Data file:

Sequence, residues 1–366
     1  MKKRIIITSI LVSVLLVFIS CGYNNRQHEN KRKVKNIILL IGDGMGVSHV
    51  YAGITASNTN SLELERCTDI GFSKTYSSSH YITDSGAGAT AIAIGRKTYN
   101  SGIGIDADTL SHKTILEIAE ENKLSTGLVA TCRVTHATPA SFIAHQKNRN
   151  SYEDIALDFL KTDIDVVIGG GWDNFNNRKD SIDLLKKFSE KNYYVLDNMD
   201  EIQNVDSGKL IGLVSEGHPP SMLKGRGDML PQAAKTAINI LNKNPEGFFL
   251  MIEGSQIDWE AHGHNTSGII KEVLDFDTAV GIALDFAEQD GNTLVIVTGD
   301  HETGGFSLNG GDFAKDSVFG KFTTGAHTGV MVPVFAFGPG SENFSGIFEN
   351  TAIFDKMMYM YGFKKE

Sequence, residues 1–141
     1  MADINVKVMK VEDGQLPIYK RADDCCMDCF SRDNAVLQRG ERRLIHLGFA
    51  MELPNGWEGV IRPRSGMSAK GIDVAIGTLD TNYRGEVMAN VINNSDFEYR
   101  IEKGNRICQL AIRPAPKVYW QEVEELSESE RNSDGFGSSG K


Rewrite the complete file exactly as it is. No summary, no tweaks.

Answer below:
Sequence, residues 1–366
     1  MKKRIIITSI LVSVLLVFIS CGYNNRQHEN KRKVKNIILL IGDGMGVSHV
    51  YAGITASNTN SLELERCTDI GFSKTYSSSH YITDSGAGAT AIAIGRKTYN
   101  SGIGIDADTL SHKTILEIAE ENKLSTGLVA TCRVTHATPA SFIAHQKNRN
   151  SYEDIALDFL KTDIDVVIGG GWDNFNNRKD SIDLLKKFSE KNYYVLDNMD
   201  EIQNVDSGKL IGLVSEGHPP SMLKGRGDML PQAAKTAINI LNKNPEGFFL
   251  MIEGSQIDWE AHGHNTSGII KEVLDFDTAV GIALDFAEQD GNTLVIVTGD
   301  HETGGFSLNG GDFAKDSVFG KFTTGAHTGV MVPVFAFGPG SENFSGIFEN
   351  TAIFDKMMYM YGFKKE

Sequence, residues 1–141
     1  MADINVKVMK VEDGQLPIYK RADDCCMDCF SRDNAVLQRG ERRLIHLGFA
    51  MELPNGWEGV IRPRSGMSAK GIDVAIGTLD TNYRGEVMAN VINNSDFEYR
   101  IEKGNRICQL AIRPAPKVYW QEVEELSESE RNSDGFGSSG K